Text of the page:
AL QAEDA’S DENTIST
London dentist Sohail Qureshi told the police he was just off to celebrate the Muslim festival of Eid with his family in Pakistan…
But instead of dental floss and fluoride, Qureshi, 30, tried to board a plane at Heathrow Airport with $18,000 in cash, a night vision scope, two metal batons, terror handbooks, extremist material, military information on CDs and medical supplies.
Security services didn’t buy Qureshi’s vacation story and ended his trip before it could start.
Describing his “vacation” in an e-mail, Qureshi wrote, "Pray that I kill many, brother. Revenge, revenge, revenge." On an extremist Web forum, he added, “I am not going for good as far as I know, it is only a 14- to 20-day operation, if it's in Pak, Afg or Waz."
The Islamic extremist was in fact on his way to fight for the Taliban against American and British troops.
In court, he boasted he had been sent to the U.K. by Al Qaeda for terrorist fundraising. He posted a farewell letter anonymously on an Islamist website bragging about raising thousands of pounds from sympathizers in the U.K. for the cause because "bullets cost money."
"The Dentist" set off on his “vacation” with keepsake snapshots of himself holding an M-16 rifle and an AK-47, both thought to be have been taken in Pakistan when he attended a terrorist training camp. Scotland Yard released e-mails revealing that "The Dentist" had trained at an Al Qaeda camp in Pakistan in 1996 and was the "emir" of another camp in 1998.
In my Dec. 31, 2007 column, the concern was raised that Samina Malik, the so-called “Lyrical Terrorist,” was a perfectly placed terror insider at one of the world’s largest airports. She wrote poems about beheadings, poison bullets and martyrdom, posting them to “attract men.” As it turns out, Qureshi may have been one of her suitors.
Police had the dentist under surveillance when he contacted Malik to ask about security at the airport. Recent testimony revealed that the dangerous duo was in e-mail contact.
Just before his arrest, Qureshi asked Malik, "What is the system like at work? Is the checking still very harsh or have things calmed down a bit?"
Work for the “Lyrical Terrorist” was a magazine shop on the flight side of Heathrow airport. As Qureshi’s airport insider, Malik received a suspended jail sentence in November.
Evidently, “The Dentist” fancied himself an extremist scribe as well. During his arrest, cops found a chapter from an autobiographical book he had written called “My Father the Bombmaker,” as well as some “motivational Islamist material” stored on a CD.
Arrested in October 2006, he has become the first person to be convicted under tough new U.K. anti-terror laws and was given 4-and-a-half years.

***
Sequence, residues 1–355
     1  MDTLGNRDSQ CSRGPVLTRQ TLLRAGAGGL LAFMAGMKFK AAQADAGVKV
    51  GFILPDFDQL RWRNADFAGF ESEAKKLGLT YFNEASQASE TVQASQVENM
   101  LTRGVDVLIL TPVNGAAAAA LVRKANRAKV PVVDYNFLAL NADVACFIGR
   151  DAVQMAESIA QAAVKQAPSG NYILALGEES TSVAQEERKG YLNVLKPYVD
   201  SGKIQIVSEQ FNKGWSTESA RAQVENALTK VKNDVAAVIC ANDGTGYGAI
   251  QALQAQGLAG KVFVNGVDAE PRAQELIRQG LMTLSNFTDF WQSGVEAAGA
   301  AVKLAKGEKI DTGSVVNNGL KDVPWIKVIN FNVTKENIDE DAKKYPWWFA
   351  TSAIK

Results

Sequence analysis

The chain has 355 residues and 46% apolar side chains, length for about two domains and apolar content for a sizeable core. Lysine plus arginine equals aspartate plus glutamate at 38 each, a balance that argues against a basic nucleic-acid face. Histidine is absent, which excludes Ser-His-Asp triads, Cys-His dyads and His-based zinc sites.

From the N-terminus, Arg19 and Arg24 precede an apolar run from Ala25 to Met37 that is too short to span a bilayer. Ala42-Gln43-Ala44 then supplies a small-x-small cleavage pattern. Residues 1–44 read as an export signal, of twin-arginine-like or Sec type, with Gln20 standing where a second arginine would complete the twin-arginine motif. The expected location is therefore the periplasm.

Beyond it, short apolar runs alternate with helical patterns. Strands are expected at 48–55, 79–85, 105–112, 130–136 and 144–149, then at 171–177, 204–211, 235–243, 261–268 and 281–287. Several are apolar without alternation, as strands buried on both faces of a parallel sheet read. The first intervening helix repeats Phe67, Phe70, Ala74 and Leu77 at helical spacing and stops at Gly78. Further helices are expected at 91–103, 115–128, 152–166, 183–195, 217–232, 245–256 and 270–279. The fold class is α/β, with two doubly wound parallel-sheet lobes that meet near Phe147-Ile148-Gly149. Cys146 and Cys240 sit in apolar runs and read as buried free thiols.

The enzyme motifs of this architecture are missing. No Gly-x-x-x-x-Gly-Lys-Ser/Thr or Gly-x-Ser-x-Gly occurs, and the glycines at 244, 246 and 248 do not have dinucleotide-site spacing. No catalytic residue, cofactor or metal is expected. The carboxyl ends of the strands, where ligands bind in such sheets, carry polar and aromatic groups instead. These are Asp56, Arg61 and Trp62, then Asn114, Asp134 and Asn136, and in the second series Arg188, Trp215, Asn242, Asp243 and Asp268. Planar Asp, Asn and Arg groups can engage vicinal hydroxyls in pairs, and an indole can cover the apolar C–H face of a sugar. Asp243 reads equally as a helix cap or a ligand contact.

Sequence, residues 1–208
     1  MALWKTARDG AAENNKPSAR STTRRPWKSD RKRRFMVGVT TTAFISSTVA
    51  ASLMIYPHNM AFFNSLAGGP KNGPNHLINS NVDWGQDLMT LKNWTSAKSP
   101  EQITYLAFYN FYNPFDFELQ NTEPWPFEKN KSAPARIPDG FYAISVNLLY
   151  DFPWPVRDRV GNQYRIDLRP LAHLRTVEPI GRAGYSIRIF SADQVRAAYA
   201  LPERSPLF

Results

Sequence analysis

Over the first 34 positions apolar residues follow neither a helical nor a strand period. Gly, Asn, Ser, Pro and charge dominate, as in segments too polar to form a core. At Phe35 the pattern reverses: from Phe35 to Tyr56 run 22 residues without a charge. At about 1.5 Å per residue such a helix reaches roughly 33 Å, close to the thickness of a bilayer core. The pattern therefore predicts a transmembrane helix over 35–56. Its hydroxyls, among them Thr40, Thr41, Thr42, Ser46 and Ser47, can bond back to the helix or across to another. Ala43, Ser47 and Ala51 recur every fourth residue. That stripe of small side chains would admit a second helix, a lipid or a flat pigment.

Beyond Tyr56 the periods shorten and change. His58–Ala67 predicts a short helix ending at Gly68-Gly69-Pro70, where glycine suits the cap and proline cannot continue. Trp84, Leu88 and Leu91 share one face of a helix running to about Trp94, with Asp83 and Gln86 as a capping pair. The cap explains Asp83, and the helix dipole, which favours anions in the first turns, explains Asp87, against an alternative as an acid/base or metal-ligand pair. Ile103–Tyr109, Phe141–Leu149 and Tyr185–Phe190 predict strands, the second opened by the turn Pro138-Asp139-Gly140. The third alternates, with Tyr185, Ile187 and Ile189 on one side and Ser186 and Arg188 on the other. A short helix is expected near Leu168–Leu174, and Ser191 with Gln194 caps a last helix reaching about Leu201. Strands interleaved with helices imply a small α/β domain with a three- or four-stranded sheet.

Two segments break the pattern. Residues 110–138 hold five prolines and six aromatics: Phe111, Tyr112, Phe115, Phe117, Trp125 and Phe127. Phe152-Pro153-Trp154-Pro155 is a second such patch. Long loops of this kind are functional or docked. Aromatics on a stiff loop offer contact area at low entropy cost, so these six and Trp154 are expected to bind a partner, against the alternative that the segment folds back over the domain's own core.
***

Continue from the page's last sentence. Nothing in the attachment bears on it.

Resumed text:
He could, however, be out of jail within a year, free to concoct further family “vacations.”
‘BUFFALO BILL’ GOES AL QAEDA, NOW APPLYING FOR COLLEGE
How does an Australian real-life cowboy named David Hicks end up joining Al Qaeda and attacking U.S. forces alongside the Taliban?
He was just an immature adventurer who traveled to Afghanistan after his application to enlist in the Australian army was rejected on the basis of his lack of education, his lawyers say.
Given that he met Al Qaeda leader Usama bin Laden at least 20 times, it is especially difficult to believe that he just fell off the turnip truck.
U.S. forces captured Hicks in December 2001. A month later, he was sent to the U.S. naval base in Guantanamo Bay where he spent more than five years. Under a plea bargain, Hicks was allowed to serve the remainder of his sentence at a maximum security prison in his hometown of Adelaide in Australia.
“The Cowboy” was the first person convicted at a U.S. war-crimes trial since World War II after he pleaded guilty to providing material support to Al Qaeda.
The Muslim convert renounced the faith after confessing to aiding Al Qaeda during the U.S.-led invasion of Afghanistan following the Sept. 11 attacks.
Released Dec. 29, 2007, a federal court ruled that Hicks was still a security risk because of training he received in Afghan terror camps.
How tough is life for this former terrorist released from prison?
Under the court order, Hicks must report to police three times a week and obey a curfew by staying indoors at his safe house. He is also forbidden from leaving Australia and from contacting a list of terror suspects.
“The Cowboy,” who has been reunited with his wife and children, goes to the beach, the movies and shopping.
Hicks' father also confirmed to the Melbourne Herald Sun Tuesday that his son is focusing on applying to college. He is considering majors of ecology, geology and zoology.
“His idea is he more he can be out in the public he better off he’s going to be, so people will get used to the idea that he’s out there and he’s just a normal person” his father said.
Just a normal person?
Hicks’ release has just been used to justify the light sentence issued Tuesday for Jose Padilla, the American Muslim convert who plotted to unleash a radioactive dirty bomb on the U.S.
Allison Barrie, a security and terrorism consultant with the Commission for National Security in the 21st Century, has an M.A. from the King's College War Studies department and has just completed her Ph.D thesis with King's.